Trips for YouTube part 2 (still no vids though)

#2 - Kansas

It obviously has been a LONG time since I've been on a "real" road trip...COVID has seen to that. Even now, I'm still not going in stores, still not eating out, still not going anywhere but work, but I needed to take a road trip for my own sanity. I miss my trips because they are my "thinking time"...the time I use to clear my head.

After the first cemetery visit though, I was more than leary because it wore me out both physically and mentally and the thought of travelling a few hundred miles was definitely pushing it. I had been buying snacks and drinks (I have quit drinking Cokes, I'm still not sure of the reason why, I just decided to stop), with the intention of going to Kansas every weekend, but weekend after weekend passed and I never went...I just kept eating the snacks at home and drinking the water and the bottled unsweetened tea. Most weekends, I would leave work early on Fridays with the intention of getting up early on Saturday, set the alarm for 3 am for me to get up, but I would just turn it off and go back to sleep, and spend the weekend on the couch doing nothing.

Finally, a few weeks ago, the alarm went off and I turned it off, but I had another one set for 3:30 a.m. This one I played the snooze button game with till about 4:30 a.m. and just decided enough was enough and dragged my butt off the couch and started to get ready! From that moment on, it was like old times. Everything was as methodical as the trips I used to take, until I got in the car and then there was a bit of a panic attack moment, but by 5:45 a.m., I was heading out of town and up into Southern Missouri!


You guys know how I feel about interstate walls, but unfortunately, there wasn't a lot of interstate roads on this trip, so I had to make due with granite:


I know she's a bit of a hot topic subject now, but I stopped at the grave of Laura Ingalls Wilder, not because I'm a fan of her books or Little House on the Prairie, but because I spent countless hours in my Grandmother and Aunt's house watching that show over and over and over again while my Aunt gave a play-by-play because she had probably seen it as many times as I've seen Once (don't get me started on them and the Waltons or Walker Texas Ranger).


And, I did opt for her grave instead of her house and museum. The graveyard was weird...pretty much surrounded by houses on three sides, except for a bus garage and an open field on the fourth side. I was also surprised at the number of tombstones vandalized and toppled over, especially in a residential neighborhood:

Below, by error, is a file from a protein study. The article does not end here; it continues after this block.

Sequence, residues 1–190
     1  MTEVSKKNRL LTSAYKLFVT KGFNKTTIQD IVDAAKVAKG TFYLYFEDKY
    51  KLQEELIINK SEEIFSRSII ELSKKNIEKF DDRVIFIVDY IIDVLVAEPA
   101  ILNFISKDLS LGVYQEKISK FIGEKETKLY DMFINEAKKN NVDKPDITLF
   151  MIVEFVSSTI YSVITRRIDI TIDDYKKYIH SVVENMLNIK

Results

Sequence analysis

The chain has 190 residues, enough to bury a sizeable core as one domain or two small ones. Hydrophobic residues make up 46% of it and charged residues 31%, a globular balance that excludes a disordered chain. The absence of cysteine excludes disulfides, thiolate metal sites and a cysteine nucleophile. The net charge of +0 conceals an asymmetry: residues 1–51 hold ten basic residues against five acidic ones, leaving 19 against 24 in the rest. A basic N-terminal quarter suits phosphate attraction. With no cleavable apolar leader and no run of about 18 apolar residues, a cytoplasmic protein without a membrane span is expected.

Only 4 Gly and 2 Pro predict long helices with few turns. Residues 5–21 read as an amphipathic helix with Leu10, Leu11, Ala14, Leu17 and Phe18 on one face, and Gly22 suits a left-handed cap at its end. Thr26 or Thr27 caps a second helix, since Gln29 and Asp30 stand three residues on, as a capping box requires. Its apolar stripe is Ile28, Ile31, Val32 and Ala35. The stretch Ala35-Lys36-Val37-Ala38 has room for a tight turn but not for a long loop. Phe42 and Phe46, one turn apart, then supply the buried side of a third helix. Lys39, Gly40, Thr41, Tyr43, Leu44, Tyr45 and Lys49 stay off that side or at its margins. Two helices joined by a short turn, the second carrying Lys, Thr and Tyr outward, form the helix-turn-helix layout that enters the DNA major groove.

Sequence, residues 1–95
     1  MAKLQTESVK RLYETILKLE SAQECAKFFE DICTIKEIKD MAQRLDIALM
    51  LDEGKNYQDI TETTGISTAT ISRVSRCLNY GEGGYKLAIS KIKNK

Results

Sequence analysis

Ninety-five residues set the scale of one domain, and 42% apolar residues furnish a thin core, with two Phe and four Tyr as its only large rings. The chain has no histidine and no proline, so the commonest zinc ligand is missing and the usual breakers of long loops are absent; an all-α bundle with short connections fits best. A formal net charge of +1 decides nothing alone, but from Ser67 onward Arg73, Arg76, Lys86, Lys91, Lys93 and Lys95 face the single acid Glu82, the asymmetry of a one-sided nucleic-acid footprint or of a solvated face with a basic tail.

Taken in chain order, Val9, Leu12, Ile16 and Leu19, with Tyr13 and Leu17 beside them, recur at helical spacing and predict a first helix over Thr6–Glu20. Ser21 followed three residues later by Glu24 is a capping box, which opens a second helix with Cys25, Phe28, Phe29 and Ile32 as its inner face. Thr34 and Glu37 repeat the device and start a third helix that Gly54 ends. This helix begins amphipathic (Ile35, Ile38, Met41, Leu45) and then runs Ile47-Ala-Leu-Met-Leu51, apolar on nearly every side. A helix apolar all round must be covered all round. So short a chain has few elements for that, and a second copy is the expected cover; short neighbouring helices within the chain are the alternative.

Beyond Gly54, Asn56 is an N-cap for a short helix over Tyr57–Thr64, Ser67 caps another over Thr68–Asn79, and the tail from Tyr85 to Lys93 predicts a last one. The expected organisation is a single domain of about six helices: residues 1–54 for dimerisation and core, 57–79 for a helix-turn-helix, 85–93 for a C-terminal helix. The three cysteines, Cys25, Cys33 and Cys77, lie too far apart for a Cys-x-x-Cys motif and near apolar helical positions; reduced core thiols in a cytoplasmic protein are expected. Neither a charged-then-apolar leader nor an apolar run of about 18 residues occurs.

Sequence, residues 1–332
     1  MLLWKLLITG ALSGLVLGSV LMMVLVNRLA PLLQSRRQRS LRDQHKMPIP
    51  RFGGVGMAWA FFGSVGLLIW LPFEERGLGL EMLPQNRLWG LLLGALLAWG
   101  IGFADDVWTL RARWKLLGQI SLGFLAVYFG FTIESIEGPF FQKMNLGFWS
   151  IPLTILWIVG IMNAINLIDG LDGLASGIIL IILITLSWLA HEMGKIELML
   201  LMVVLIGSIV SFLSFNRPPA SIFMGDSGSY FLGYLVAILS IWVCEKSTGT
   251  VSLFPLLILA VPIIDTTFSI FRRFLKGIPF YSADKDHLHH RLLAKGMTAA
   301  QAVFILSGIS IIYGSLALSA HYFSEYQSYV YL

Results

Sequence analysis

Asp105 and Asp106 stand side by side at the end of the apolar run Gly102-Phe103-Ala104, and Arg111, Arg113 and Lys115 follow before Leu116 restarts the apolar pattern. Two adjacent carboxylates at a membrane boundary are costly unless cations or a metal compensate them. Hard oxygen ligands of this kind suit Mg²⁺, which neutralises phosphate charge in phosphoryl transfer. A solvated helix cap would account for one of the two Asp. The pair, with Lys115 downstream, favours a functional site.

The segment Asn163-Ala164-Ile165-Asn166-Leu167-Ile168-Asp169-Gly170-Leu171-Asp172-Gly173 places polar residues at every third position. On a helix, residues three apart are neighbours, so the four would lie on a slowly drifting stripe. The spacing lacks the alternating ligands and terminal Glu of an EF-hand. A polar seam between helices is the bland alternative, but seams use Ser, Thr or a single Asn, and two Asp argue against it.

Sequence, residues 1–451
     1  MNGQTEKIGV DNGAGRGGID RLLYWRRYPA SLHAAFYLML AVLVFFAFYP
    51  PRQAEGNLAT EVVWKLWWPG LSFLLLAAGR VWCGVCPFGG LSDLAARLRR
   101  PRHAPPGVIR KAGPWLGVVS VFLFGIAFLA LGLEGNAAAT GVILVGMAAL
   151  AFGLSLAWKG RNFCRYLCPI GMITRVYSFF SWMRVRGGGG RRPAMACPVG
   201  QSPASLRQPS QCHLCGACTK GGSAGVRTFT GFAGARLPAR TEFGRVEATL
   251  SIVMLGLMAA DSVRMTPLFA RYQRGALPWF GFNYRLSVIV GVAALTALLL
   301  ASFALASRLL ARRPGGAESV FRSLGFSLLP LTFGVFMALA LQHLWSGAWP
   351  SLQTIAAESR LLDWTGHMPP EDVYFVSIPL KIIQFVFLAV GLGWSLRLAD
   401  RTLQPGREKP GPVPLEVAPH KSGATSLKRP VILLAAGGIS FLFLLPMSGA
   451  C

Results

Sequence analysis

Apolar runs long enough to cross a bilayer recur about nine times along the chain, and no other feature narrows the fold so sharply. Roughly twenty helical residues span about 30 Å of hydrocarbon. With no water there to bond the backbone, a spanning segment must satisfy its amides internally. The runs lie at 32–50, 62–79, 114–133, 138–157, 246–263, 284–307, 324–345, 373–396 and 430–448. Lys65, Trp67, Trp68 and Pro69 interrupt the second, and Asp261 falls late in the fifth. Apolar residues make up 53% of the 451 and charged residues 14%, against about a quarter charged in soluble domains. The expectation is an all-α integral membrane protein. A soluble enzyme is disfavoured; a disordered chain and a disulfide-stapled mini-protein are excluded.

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It didn't take me long to hit Route 66 though...I've now been on Route 66 in five States, so I need to add to that total!


At that point, I was starting to feel like I was in the movie Twister...the scenery really looked like tornado alley!


I went to Carthage to go the battlefield:


But they were doing some road construction and I was trying to avoid humans, so I ended up going on to Kansas into Galena and ended up at Schermerhorn Park, playing by the water for quite a while (I'm still not sure why). I did collect a couple of rocks for my collection, so it wasn't a total waste of time.

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I probably should have looked up who Schemerhorn was (and will probably do for my video), but I also drove by his house, which, although in a total state of disrepair, was quite beautiful, in a weird way:


Then it was time to find the Cars stuff, although some of it was a bit cheesy:

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I stayed at the Luigi's place for a while, even walking out in the road to get a picture of the Route 66 road sign in the middle of the road:


But then I noticed this truck drive past me three times, another truck slowed down to an almost stop and stared at me, and someone else pulled in, so I figured it was time to leave. But next door, there was this very house of the seven gables/serial killer house, so I had to get a picture of it too (well, actually I got several).


Then it was on to Baxter Springs, Kansas...the place where I used to buy lottery tickets all the time. I had a particular gas station that me and my ex-best friend used to go to, but they had a tornado that wiped it off the map, so I needed to find another place. In the process of looking for one on Google Maps, I found another Civil War site called...wait for it...Fort Blair!